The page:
Szabolcs Horvát wrote: > Hi, > > Here are my thoughts on this: > > Ted Ersek wrote: >> Need features to make kernel and user functions bullet proofWe can >> overload functions that are part of the Mathematica language, and this >> is good. However, we often hear in the MathGroup that you can easily >> break the kernel by changing kernel functions. This wouldn't be so risky >> if users could not indirectly change the way functions such as Solve, >> Simplify, NDSolve, etc. perform. I mean a user should be able to change >> what Simplify does by making a new definition for Simplify, but changing >> functions such as Thread, Map, or Apply should not change Solve, Simplify, >> or NDSolve. Besides that users who are writing their own functions should >> be able to ensure their functions cannot be broken inadvertently. > > But is this really necessary? I mean, is there any legitimate reason to > change symbols like Thread, Map, or Apply? If one needs a Map that > behaves a bit differently, shouldn't one just define a new myMap function? > > (I know that some people are changing these symbols ... see e.g. > > http://groups.google.com/group/comp.soft-sys.math.mathematica/browse_thread/thread/90da91b2fb43891a/4d26e4c1e1edcce3#4d26e4c1e1edcce3 > > But I always found these things extremely scary (and I think that it is > a bad practice to do this). As you mentioned, it is possible that some > built-in (or package) function uses the form Map[{a,b,c},d] (see the > referenced post), so it would be broken by this change to Map. However, > in this situation the user could have just defined his own listableMap[] > function, which would be safe. Actually after I read that message I > searched all the standard packages and the UpValues, OwnValues and > DownValues of symbols returned by Names[] for Map[_List, __], but found > nothing (though I'm not sure I searched the *built-in* definitions > correctly, and I could completely prevent evaluation of the symbols only > if I ran Mathematica without the Front End ...) ) > >> ------------------------------------------------------------------------- >> Also notice you can change the default options of a protected symbol >> without first calling Unprotect. As a result a user can seriously break >> a lot of functions with lines such as >> >> SetOptions[ReplaceRepeated,MaxIterations -> 1]; >> SetOptions[Map,Heads->True]; >> >> Mathematica needs a new attribute called OptionsProtected. >> OptionsProtected::usage="OptionsProtected is an attribute that prevents >> the default options of a symbol from being modified." > > > OptionsProtected could be useful. > > >> ------------------------------------------------------------------------- >> >> Now about preventing inadvertent changes to a functions definitions. One >> way WRI could provide this capability would be to have all symbols in the >> System` context also in a context called DefaultDefinitions`. All Symbols >> in context DefaultDefinitions` would have attributes {OptionsProtected, >> Protected, Locked}. That would make it impossible for a user to modify >> features in the DefaultDefinitions` context. >> >> Things that happen automatically behind the scenes should use symbols >> from the DefaultDefinitions` context to ensure everything always >> works correctly. So for example when definitions are automatically >> added to DownValues[f], UpValues[f], etc. they should be created using >> DefaultDefinitions`HoldPattern, and DefaultDefinitions`RuleDelayed. >> >> Imagine what could happen if you changed the meaning of RuleDelayed in >> the current Mathematica. >> >> -------------------------------------------------------------------------= >> - >> WRI could also give us a new function called SystemDefaults that would >> do the following. >> >> Attributes[SystemDefaults]={HoldRest}; >> >> SystemDefaults[All, expr] replaces all symbols in expr that are in >> the System` context with the same symbol from the DefaultDefinitions` >> context. Once the replacements are made the new form of expr evaluates. >> >> SystemDefaullts[{symb1, symb2, ...},expr] selects from {symb1, symb2, >> ....} Symbols in the System` context and replaces each instance of >> these symbols in expr with the same symbol from the DefaultDefinitions` >> context. Once the replacements are made the new form of expr evaluates >> .. >> >> ----------------------------------------------- >> >> Then I could write the following and ensure all system symbols below >> are from the DefaultDefinitions` context and it would not be possible >> to make Inadvertent changes to my function integrate. >> >> >> >> SystemDefaults[All, >> integrate[c_?NumericQ, f_, x_Symbol]:=c*integrate[f,x]; >> integrate[f_+g_,x_Symbol]:=integrate[f,x]+integrate[g,x]; >> integrate[x_Symbol,x_Symbol]:=1/2 x^2; >> integrate[_Symbol^n_?(NumericQ[#]&&TrueQ[# != -1]&), >> x_Symbol]:=1/(n+1) x^(n+1) >> ] >> >> ------------------------------------------------ >> Instead I might want to use the following to ensure >> symbols DefaultDefinitions`NumericQ, DefaultDefinitions`Power, >> DefaultDefinitions`SetDelayed are used in my definitions of integrate. No >> other symbol form the DefaultDefinitions` context would be used. >> >> >> >> SystemDefaults[{NumericQ,Power,SetDelayed}, >> integrate[c_?NumericQ f_,x_Symbol]:=c*integrate[f,x]; >> integrate[f_+g_,x_Symbol]:=integrate[f,x]+integrate[g,x]; >> integrate[x_Symbol,x_Symbol]:=1/2 x^2; >> integrate[_Symbol^n_?(NumericQ[#]&&TrueQ[#!=-1]&),x_Symbol]:=1/(n+1)x >> ^(n+1) >> ] >> >> In the above examples above use of SystemDefaults[_._] would not force >> the use of symbols from the DefaultDefinitions` context when f[t], or >> (t) in integrate[f[t], t] evaluates. >> > > Now about changing symbols like Simplify, NIntegrate, etc.: > > There might be reasons for changing these, but one could argue that a > legitimate change should extend these symbols in a mathematically > sensible way, so that other function which use them would not break > (i.e. Simplify would still simplify expression, but would be a bit > smarter, NIntegrate would still compute integrals numerically, possibly > with another method etc.) If the behaviour of these functions is > changed completely, then probably it would have been better to define > completely new functions instead. > > So I think that one should never change built-in symbols, except in the > case when it is really expected that the new definitions would be > applied even when the re-defined symbols are used inside some package > (or built-in) function. > > I see that the proposed SystemDefaults allows for excluding certain > symbols (more precisely: it allows for only including certain symbols > when rewriting them to the alternatives in DefaultDefinitions), but this > couldn't work correctly because of the nature of Mathematica: Suppose > that we're writing a new function that uses Simplify, and we want to > allow for the re-definition of Simplify, therefore we use > System`Simplify instead of DefaultDefinitions`Simplify. But if our > function "calls" a built-in function that also uses Simplify (I don't > know if there are actually any of these), the built-in function will use > DefaultDefinitions`Simplify and not the intended System`Simplify. So we > would end up with two different versions of Simplify being > inconsistently called in different situations. This sounds even more > dangerous and confusing than the current situation. > > In my (subjective) opinion, for those functions where re-definition > seems legitimate (like Simplify), WRI should provide a documented and > safe API that only allows sensible changes. And indeed they do for some > functions: Simplify has the TransformationFunctions option, NIntegrate > can be extended with new integration methods, NumericQ and Derivative > are directly assignable (NumericQ[n] = True and Derivative[1][f] = g > work without Unprotect[]ing these symbols), etc. > > To summarize: I think that one should never modify any Protected > built-in functions, except through documented APIs. But I like the idea > of OptionsProtected. > > What do other MathGroup users think about this? Are there situations > when it is legitimate to modify built-ins? > > I can give one example and show that it was a bad idea because it really > breaks things: when I was trying to get the DownValues of all symbols > returned by Names[], I changed its HoldAll attribute to HoldAllComplete > so that it would work on really strange symbols like 'x' if 'x' has the > definitions x[1]=1 and _[x] ^= x. (Question: Are there other ways of > doing this than changing the attributes of DownValues?) But with this > change, DownValues[Evaluate[sym]] ceases to work, and indeed I got lots > of error messages when I tried to open the Help Browser ... > > Szabolcs > > P.S. I hope that my broken English didn't make this long post > completely unintelligible. > > P.P.S. Your Mathematica Tricks website is really nice! > Maybe I read Ted's request a little differently. I think he is saying that however carefully you write a package for others to use, you can never make it bullet-proof because others may have made changes to built-in definitions, and then perhaps report spurious bugs in the package! So saying that people should not change built-in definitions rather misses the point. OptionsProtected, plus access to a list of any symbols that have been unprotected (regardless of whether they were re-protected) would help I think. David Bailey http://www.dbaileyconsultancy.co.uk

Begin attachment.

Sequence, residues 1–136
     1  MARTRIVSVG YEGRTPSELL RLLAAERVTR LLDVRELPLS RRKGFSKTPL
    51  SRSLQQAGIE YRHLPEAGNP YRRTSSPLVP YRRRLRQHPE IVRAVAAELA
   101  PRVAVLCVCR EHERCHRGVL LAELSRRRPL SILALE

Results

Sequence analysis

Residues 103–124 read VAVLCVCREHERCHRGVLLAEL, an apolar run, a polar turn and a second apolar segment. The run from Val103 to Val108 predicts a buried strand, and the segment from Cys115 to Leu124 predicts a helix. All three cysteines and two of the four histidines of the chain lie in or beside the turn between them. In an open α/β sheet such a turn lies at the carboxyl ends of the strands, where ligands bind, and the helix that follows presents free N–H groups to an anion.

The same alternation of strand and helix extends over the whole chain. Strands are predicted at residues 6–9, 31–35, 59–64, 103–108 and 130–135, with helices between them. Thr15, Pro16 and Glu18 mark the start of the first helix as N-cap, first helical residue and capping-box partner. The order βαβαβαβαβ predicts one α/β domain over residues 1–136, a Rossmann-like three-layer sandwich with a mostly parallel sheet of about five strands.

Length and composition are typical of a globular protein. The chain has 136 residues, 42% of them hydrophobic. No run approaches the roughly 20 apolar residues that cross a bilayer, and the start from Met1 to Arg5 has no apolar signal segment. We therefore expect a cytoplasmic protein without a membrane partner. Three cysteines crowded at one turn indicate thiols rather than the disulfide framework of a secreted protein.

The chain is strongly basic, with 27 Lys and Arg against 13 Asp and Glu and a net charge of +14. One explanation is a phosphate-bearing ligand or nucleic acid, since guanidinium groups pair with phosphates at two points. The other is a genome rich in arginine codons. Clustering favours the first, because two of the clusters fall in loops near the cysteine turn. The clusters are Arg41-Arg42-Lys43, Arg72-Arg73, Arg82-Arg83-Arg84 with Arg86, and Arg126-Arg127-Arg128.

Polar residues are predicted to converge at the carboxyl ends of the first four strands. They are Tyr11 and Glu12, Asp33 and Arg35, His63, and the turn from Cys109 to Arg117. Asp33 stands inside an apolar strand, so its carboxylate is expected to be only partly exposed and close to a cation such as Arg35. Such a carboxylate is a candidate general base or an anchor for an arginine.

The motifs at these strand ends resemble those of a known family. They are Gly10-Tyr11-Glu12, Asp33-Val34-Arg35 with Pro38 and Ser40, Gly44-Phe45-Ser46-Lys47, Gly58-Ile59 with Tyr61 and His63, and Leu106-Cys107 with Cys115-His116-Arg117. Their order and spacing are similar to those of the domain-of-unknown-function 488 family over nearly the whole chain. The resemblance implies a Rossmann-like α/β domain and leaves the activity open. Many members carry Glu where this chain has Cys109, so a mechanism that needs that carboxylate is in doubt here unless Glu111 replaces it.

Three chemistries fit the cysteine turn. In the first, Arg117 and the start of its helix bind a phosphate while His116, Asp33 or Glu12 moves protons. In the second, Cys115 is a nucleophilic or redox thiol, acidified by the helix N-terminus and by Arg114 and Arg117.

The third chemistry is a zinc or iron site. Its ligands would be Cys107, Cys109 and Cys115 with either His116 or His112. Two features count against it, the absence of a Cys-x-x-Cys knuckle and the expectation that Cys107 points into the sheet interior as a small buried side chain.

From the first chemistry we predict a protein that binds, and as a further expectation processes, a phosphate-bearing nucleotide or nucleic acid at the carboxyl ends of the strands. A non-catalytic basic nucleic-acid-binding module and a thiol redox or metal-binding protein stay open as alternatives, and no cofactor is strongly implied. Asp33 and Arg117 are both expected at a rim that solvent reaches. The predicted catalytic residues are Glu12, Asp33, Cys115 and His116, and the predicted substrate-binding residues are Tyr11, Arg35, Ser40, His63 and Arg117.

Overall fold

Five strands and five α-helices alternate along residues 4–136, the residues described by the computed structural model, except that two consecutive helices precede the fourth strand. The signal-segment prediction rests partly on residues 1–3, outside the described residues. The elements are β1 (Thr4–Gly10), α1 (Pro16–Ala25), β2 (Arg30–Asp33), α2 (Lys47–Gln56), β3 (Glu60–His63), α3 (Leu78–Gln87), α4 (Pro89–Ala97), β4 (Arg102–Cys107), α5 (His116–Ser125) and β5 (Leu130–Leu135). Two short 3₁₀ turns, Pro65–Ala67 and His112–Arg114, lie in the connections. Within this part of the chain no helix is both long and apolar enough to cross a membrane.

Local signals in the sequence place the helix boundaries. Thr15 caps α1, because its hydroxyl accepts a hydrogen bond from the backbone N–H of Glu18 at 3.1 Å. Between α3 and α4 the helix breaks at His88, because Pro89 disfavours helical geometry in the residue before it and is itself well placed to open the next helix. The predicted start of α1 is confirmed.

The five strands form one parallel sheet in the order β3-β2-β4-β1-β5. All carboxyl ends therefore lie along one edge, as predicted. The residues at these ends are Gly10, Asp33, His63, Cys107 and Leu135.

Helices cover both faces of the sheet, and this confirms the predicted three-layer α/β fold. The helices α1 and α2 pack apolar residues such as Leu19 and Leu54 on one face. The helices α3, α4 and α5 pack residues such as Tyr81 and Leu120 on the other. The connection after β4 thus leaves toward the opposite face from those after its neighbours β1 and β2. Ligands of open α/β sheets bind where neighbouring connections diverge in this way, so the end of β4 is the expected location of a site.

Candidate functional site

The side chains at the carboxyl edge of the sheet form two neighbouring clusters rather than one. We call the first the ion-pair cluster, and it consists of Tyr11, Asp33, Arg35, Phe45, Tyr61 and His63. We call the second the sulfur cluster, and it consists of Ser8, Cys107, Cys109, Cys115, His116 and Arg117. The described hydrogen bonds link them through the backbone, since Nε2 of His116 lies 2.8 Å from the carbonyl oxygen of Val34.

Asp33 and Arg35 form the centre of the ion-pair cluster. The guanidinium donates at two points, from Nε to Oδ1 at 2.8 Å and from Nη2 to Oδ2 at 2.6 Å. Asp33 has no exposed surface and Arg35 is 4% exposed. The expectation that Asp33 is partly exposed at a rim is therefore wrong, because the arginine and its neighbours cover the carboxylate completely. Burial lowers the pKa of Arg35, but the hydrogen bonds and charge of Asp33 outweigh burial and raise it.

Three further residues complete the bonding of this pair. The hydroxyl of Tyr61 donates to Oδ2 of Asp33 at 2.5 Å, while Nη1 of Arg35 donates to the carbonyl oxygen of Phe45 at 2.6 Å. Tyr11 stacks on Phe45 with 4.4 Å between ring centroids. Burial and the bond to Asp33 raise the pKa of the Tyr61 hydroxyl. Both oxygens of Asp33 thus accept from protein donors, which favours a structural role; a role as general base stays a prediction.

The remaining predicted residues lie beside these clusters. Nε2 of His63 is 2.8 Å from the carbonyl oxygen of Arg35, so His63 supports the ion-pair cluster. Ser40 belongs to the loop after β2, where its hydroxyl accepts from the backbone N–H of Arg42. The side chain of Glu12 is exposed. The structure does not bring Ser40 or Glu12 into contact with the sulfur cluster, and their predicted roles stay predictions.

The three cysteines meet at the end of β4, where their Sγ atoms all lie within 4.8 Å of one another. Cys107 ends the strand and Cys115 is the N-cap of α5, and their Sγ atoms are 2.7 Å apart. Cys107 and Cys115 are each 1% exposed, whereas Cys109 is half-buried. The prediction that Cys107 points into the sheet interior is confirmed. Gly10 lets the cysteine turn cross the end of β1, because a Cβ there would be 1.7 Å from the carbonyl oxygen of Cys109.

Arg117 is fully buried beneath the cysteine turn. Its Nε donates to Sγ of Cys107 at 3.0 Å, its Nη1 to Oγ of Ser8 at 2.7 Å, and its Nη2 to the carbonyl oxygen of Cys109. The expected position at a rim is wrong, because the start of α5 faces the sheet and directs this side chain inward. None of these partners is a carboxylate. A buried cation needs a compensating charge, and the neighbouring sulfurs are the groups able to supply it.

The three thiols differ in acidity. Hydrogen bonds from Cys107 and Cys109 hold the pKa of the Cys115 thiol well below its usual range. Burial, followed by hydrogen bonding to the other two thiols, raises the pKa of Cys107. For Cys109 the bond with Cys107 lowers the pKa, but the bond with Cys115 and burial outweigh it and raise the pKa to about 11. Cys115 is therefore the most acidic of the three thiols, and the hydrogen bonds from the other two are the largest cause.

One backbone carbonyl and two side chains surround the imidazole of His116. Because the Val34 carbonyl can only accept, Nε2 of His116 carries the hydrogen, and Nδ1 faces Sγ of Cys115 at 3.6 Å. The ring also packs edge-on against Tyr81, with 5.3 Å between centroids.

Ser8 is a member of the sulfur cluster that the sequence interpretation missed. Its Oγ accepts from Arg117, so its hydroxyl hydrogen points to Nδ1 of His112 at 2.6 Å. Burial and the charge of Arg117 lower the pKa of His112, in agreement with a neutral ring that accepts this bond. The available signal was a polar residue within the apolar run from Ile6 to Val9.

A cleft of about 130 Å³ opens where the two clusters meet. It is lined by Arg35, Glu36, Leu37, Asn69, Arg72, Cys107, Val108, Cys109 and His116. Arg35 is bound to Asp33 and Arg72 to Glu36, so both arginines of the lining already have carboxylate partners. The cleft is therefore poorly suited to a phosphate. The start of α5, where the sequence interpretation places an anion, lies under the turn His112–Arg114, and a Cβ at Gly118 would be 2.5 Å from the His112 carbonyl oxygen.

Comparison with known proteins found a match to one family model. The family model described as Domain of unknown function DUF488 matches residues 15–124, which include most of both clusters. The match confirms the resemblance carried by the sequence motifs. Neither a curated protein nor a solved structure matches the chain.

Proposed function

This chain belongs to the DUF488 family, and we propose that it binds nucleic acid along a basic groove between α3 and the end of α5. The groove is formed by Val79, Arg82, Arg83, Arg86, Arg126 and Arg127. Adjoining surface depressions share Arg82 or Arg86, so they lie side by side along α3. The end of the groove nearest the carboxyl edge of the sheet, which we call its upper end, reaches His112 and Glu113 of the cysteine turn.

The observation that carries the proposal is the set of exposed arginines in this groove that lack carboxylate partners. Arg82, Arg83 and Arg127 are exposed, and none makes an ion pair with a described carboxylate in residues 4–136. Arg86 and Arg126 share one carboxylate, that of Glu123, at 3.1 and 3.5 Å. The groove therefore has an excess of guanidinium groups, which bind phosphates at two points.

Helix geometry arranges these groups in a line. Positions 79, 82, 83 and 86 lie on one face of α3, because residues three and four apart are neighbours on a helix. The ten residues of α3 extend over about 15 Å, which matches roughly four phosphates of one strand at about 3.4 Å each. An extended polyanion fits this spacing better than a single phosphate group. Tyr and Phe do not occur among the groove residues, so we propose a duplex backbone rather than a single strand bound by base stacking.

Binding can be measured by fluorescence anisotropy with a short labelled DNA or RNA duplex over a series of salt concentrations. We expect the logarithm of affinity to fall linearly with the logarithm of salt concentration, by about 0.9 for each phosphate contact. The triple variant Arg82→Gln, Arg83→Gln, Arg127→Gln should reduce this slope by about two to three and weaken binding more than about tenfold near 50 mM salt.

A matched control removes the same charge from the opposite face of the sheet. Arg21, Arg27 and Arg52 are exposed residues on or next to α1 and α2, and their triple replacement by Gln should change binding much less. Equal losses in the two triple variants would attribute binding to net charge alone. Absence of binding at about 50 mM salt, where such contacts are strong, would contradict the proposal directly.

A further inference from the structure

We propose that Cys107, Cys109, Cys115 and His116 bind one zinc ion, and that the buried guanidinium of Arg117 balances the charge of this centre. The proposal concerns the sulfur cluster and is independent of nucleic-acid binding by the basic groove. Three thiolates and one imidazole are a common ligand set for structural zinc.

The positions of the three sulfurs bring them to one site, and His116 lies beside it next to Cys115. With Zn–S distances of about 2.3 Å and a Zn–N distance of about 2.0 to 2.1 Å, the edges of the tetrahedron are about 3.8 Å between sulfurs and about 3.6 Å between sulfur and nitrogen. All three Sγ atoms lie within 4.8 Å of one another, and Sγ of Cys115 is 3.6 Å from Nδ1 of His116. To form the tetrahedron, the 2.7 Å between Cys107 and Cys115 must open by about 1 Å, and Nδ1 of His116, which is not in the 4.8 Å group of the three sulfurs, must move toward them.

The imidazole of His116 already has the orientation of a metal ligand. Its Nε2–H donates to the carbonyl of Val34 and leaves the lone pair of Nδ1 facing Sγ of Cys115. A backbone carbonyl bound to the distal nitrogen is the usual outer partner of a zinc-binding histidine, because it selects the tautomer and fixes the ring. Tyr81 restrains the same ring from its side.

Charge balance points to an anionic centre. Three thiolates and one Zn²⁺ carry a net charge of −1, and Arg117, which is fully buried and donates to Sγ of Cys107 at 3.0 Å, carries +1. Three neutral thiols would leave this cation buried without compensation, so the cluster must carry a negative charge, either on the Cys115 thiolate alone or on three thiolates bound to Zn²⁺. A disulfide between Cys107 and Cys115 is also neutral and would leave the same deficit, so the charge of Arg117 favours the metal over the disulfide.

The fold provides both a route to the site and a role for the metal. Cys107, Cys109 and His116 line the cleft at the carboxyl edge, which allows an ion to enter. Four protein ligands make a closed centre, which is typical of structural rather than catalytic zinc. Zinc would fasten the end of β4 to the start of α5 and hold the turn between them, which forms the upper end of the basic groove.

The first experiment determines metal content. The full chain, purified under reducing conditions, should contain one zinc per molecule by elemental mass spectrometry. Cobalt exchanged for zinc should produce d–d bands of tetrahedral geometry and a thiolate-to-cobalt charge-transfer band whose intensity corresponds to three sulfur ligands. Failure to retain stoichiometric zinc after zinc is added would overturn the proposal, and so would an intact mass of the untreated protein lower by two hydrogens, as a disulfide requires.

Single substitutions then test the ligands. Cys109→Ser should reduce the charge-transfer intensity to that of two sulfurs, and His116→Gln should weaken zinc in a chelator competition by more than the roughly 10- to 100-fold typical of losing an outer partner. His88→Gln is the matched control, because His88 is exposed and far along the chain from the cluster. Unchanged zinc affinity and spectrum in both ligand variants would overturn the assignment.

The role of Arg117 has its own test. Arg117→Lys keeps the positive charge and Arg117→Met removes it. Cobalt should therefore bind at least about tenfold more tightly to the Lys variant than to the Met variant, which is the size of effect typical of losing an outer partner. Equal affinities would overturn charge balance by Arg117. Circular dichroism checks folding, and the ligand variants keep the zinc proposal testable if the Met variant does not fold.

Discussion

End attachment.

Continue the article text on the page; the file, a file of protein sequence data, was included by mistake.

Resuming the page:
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**Re: Need features to make kernel and user functions bullet proof**